- the amount of the shared capital and the amount of the contribution or deposits attributable to the share or shares of each shareholder,
- the number of executives and the manner in which they act on behalf of the company.
The next step is opening a bank account for the composition of the share capital. The bank will require the provision of the original memorandum/partnership agreement of association. It will then issue a confirmation that the deposit has been made.
This is followed by a notification to the Trade Licensing Office and an application for entry in the Commercial Register. It must be submitted within 90 days of the company’s establishment. Within 30 days of registration in the Commercial Register, the company must register with the tax office.
The articles of association also determine the company’s bodies. These are the General Meeting and the executives who are the statutory body. An optional body may then be the Supervisory Board or other bodies that are specified in the contract.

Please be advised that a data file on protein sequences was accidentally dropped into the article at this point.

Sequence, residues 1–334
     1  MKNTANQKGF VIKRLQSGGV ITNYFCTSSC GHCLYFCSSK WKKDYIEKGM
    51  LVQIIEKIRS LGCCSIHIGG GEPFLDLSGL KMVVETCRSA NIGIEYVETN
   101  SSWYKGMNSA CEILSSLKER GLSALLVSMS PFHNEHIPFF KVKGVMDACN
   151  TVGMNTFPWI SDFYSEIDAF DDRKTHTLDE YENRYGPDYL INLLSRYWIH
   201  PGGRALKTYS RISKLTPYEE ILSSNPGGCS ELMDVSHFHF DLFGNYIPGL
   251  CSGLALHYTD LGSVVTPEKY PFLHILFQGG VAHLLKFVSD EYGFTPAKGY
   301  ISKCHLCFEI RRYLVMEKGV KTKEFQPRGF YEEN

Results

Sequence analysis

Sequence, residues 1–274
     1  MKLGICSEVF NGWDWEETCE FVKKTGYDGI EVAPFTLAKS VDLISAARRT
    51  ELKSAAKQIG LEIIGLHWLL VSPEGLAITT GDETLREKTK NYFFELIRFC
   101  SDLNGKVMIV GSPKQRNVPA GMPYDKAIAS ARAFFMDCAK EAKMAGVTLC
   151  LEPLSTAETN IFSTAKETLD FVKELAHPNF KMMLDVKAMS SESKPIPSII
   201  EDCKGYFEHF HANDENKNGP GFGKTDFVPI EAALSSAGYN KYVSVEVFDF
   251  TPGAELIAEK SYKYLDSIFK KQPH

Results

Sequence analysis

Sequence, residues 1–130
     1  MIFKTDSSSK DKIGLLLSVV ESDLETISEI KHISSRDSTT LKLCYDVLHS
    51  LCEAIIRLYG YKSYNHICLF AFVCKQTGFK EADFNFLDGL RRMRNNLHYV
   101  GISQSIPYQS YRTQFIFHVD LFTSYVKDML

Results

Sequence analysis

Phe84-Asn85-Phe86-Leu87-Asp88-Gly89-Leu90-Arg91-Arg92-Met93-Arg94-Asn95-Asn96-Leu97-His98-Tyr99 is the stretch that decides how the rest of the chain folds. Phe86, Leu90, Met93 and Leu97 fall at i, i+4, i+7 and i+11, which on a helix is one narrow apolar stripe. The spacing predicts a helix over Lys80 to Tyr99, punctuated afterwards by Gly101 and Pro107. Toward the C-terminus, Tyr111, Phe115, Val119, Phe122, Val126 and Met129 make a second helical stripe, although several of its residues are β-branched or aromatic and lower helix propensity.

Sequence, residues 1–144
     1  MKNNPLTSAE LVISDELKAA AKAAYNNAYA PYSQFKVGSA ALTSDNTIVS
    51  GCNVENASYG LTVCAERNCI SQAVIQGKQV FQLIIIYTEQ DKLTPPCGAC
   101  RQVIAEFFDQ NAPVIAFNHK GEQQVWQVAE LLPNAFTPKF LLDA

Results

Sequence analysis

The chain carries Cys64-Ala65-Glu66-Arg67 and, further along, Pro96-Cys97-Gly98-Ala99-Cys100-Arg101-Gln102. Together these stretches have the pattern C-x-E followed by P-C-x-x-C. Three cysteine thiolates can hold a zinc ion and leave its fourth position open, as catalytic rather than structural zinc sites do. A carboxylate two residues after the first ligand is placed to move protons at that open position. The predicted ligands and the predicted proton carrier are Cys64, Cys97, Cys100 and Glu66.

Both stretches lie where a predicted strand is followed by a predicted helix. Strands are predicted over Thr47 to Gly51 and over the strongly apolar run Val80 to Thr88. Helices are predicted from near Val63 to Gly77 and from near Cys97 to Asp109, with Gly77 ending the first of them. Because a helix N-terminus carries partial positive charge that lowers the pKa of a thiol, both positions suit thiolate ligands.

All changes, such as a registered office or the subject of business, must be reported to the regional courts in Brno, České Budějovice, Hradec Králové, Ostrava, Plzeň, Prague, Ústí nad Labem and the Municipal Court in Prague (so-called “rejstříkový soud”). A fee must be paid for these changes, e.g. when establishing a new partnership agreement at the court of registration the fee is CZK 2 000.
The first step for the annulment is the annulment decision and beginning of the winding-up proceedings. The company may cease to exist when: